The station did not scare me anymore; at some elusive moment it became a part of me, and in a beholden trade I was somehow, slowly, becoming a part of it, just like hundreds of thousands of others, dragging by the edgy hands of the ‘four’ reactor operators into something the planet had not yet experienced.
Chernobyl had thrust humanity into an apocalyptic future, simultaneously providing a warning against, and insight into, living with Chernobyl to those in the West. Chernobyl is not solely an event isolated to the communities of North Ukraine, Western Russia, and Southern Belarus, but is a global catastrophe with implications that reached far beyond the borders of the USSR.
Chernobyl has, in many ways, become a metaphor for the apocalyptic; a possible glimpse at a possible future where humanity ceases to be and nature is allowed to take over. As Brown suggests in her writing, these narratives serve to nullify and comfort. Chernobyl presents a glimpse of what an apocalypse could look like with the reassurance that it had not occurred on a large scale. It is reassuring and a representation that serves to conceal more than reveal the true nature of the disaster. Chernobyl has become apocalyptic in the aesthetic sense, and although personal narratives are present and popular, they are overwhelmed by these reports of environmental resurgence and pornographic obsession with decay and ruin.
 Mazin, Craig, and Peter Sagal. Chernobyl Podcast Part One. HBO, May 6, 2019. https://www.youtube.com/watch?v=rUeHPCYtWYQ
 Alexievich, Svetlana, and Keith Gessen. Voices from Chernobyl, 2005. http://search.proquest.com/docview/36789437/., 199
 Ibid., 239–240
 Lyons, Siobhan. Ruin Porn and the Obsession with Decay. 1st ed. 2018. Cham: Springer International Publishing, 2018.
 Mould, Richard F. (Richard Francis). Chernobyl Record: the Definitive History of the Chernobyl Catastrophe Bristol, UK ;: Institute of Physics Publishing, 2000.
 Ibid., 307–8
 Tsing, Anna Lowenhaupt, Heather Swanson, Elaine Gan, and Nils Bubandt. Arts of Living on a Damaged Planet : Ghosts of the Anthropocene Minneapolis: University of Minnesota Press, n.d.
 Ibid., G12
 Remnick, David. “Fear, Illness, Death: Fallout of Chernobyl.” St. Louis Post-Dispatch, December 25, 1989. ; Commoner, Barry. “A Reporter At Large: The Environment.” The New Yorker, June 15, 1987.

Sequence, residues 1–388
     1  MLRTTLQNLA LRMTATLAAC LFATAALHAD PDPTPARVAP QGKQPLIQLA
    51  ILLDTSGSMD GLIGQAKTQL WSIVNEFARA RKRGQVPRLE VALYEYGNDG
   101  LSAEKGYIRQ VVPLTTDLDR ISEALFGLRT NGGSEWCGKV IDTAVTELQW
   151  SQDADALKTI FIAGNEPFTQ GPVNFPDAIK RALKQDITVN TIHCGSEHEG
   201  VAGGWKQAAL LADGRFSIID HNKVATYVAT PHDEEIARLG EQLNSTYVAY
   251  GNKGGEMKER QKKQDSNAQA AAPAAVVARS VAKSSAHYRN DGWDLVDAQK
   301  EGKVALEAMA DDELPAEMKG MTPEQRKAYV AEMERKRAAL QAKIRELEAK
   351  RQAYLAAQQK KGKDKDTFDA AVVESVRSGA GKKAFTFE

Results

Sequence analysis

Commoner, A Reporter at Large, 53–4
 Anon. “Did Chernobyl Leave an Eden for Wildlife.” The New York Times, August 28, 2007.
 Higginbotham, Midnight in Chernobyl, 354–5
 Ibid., 355
 Grant, Donald. “Radiation: How Plants and Animals Have Adapted.” The Globe and Mail, August 18, 1990.
 Chesser, Ronald. “Growing Up With Chernobyl.” The American Scientist, November 1, 2006.
 Anon. “Chernobyl — The Good News.” The Irish Times, January 19, 2006.
 Taylor, Alan. “Still Cleaning Up: 30 Years After the Chernobyl Disaster.” The Atlantic, April 4, 2016.
 Gallup, Sean. Pripyat Ukraine Before and After. Photograph. Pripyat, Ukraine, September 29, 2015.
 Gaschak, Sergiy. Chernobyl Nature. Photograph. Ukraine, April 2012. ; Gaschak, Sergiy. Animals Chernobyl Exclusion Zone. Photograph. Ukraine, December 2012.
 Adam Higginbotham explains that in 1989 the term nature preserve came into use when describing the Exclusion Zone, particularly because in 1989 on the Belarussian side of the Exclusion Zone a nature preserve was established predominantly to study the effects radiation has had on the environment. It came out of observations of genetic abnormalities on the flora and fauna of the area (Midnight in Chernobyl, 330–331).
 Brown, Manual for Survival, 128
 Ibid., 10
 O’Connell, Mark. “Why Would Anyone Want to Visit Chernobyl.” The New York Times, March 24, 2020. https://www.nytimes.com/interactive/2020/03/24/magazine/chernobyl-tourism.html?searchResultPosition=1.
 Ibid., 2
 Ibid., 4
 O’Connell, Why Would Anyone Want to visit Chernobyl?
 Plokhy, Chernobyl, vii
 Lyons, Ruin Porn, 190–8
 Shcherbak, Iurii. Chernobyl: a Documentary Story Edmonton: Canadian Institute of Ukrainian Studies, University of Alberta, 1989
 Ibid., viii
 The Babushkas of Chernobyl. Chicken And Egg Pictures, 2015.
 Kuchinskaya, Olga. The Politics of Invisibility: Public Knowledge About Radiation Health Effects after Chernobyl Cambridge, Massachusetts: The MIT Press, 2014., 37
 Alexievich, Voices From Chernobyl, vii
 Ibid., 240
 Ibid., 5–23
 Ibid., 126–133
 Crease, Robert P. “Chernobyl Reconsidered.” The New York Times, April 7, 2019.
 Belyakov, Sergei. Liquidator: the Chernobyl Story New Jersey: World Scientific, 2019.
 Ibid., 89